Can You Regenerate Tissues Ravaged by Gum Disease?

by | Jan 11, 2017 | Dentistry | 2 comments

man with glassesIf you’ve got advanced gum disease, you know how devastating it can be. Left unchecked, it will destroy your connective and periodontal tissues alike. It’s an infection that can cause pain, tooth mobility, and tooth loss.

And the microbes involved are associated with other health problems such as heart disease, cancer, Alzheimer’s, and stroke. Gum disease may make diabetes worse, and diabetes may be a risk factor for gum disease – a total catch-22.

Treatment typically starts with periodontal therapy. Depending on the stage of your infection, this can involve root planning, scaling, soft tissue grafts, bone grafts, and more. The goal: Stop stop the inflammatory process going on in your mouth.

Results can range from partial tissue regeneration to healing, but this, too, depends on how far the disease has progressed. In severe cases, though therapy can regenerate some tissue, it offers limited potential for complete restoration.

But that may be changing thanks to platelet-rich fibrin (PRF) – something we currently use in our office for a variety of surgical procedures. It’s made by spinning a small sample of your own blood in a centrifuge so it forms a thin membrane that’s shaped and placed over a surgical site. The platelets are a natural source of growth factors, while the membrane also contains a high number of white blood cells, the part of the blood most involved in healing. Because it comes from your own blood, it’s totally biocompatible.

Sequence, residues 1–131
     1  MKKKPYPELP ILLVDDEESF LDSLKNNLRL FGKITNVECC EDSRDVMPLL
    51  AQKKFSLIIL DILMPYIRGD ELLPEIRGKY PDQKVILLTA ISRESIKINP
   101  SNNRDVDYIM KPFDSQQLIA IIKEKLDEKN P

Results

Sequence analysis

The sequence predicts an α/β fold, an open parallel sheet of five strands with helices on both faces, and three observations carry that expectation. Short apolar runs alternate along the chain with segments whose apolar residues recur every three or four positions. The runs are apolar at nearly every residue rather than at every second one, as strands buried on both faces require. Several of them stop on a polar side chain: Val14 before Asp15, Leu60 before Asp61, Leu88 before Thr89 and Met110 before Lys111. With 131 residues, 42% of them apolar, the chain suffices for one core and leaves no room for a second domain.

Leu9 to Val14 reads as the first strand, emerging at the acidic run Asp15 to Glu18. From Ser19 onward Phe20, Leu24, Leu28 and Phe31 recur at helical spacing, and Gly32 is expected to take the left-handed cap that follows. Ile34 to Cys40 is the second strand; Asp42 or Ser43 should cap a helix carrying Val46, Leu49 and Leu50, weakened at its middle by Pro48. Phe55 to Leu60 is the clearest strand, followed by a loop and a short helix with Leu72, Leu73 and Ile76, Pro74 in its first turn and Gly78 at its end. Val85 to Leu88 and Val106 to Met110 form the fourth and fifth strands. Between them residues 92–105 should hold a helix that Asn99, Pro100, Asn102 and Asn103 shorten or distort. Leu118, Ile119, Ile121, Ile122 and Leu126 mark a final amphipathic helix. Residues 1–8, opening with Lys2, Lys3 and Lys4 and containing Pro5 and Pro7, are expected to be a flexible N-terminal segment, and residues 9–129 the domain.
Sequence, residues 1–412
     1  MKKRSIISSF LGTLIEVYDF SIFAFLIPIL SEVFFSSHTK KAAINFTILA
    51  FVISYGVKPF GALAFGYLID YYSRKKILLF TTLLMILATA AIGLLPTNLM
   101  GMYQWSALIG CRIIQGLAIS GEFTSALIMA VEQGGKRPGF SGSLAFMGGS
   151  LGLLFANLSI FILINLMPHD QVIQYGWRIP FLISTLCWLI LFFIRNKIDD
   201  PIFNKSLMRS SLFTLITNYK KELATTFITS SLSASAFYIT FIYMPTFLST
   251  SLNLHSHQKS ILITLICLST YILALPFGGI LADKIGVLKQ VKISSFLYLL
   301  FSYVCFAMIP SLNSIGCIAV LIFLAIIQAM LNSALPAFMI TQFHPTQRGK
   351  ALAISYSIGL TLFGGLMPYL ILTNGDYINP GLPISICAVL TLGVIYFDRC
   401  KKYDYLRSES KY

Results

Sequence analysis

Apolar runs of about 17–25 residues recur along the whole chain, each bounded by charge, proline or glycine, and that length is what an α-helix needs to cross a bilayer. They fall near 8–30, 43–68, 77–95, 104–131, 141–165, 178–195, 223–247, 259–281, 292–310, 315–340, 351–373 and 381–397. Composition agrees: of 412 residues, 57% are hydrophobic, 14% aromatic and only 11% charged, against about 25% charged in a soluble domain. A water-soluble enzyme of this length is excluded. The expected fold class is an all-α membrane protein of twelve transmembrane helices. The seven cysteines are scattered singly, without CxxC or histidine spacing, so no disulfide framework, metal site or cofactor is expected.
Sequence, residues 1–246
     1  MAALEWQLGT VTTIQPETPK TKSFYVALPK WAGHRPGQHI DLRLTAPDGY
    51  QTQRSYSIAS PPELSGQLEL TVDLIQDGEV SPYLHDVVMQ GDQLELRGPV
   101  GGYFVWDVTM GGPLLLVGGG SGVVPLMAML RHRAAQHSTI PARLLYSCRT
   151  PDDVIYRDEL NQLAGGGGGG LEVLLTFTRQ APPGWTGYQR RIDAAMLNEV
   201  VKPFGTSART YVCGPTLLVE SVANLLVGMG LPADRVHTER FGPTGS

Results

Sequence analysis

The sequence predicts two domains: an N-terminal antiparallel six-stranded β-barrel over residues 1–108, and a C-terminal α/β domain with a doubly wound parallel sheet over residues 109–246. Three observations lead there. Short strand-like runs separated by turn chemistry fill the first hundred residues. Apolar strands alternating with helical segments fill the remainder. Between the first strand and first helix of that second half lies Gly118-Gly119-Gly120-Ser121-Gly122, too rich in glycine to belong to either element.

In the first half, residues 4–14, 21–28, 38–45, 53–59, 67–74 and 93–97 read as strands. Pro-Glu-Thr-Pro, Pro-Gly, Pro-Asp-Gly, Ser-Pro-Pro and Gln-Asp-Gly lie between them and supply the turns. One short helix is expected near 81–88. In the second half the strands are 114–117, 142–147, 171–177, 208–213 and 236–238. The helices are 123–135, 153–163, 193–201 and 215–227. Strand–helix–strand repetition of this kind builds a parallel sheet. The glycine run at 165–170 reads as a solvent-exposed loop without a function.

According to research in the Saudi Journal of Dental Research, it may also be helpful for regenerating periodontal (gum) tissue. Why?

  1. It forms a strong natural structure, concentrating almost all the platelets and growth factors of the blood. This creates a healing structure with unique mechanical properties.

  2. It enhances wound healing and regeneration.

  3. It’s better than other platelet concentrates due to its ease and method of preparation.

Research suggests that providing PRF after periodontal therapy may speed up healing, promote tissue repair, and aid in the development of new blood vessels. It also appears to boost the immune response, promote anti-infectious activities, and may remodel both the tissue and bone matrix during wound healing.

In a healthy mouth, bone and tissue serve as the foundation that keep your teeth in position. With gum disease, that foundation is weakened. In that weakened state, PRF may offer a scaffold-like support necessary for engineering repair that mimics your body’s own.

Of course, YOU still play the most important role in managing the other factors that support optimum healing. Controlling plaque, quitting nicotine, improving diet, managing stress, and getting enough good sleep and exercise will always be critical. Always.

Image by Viewminder

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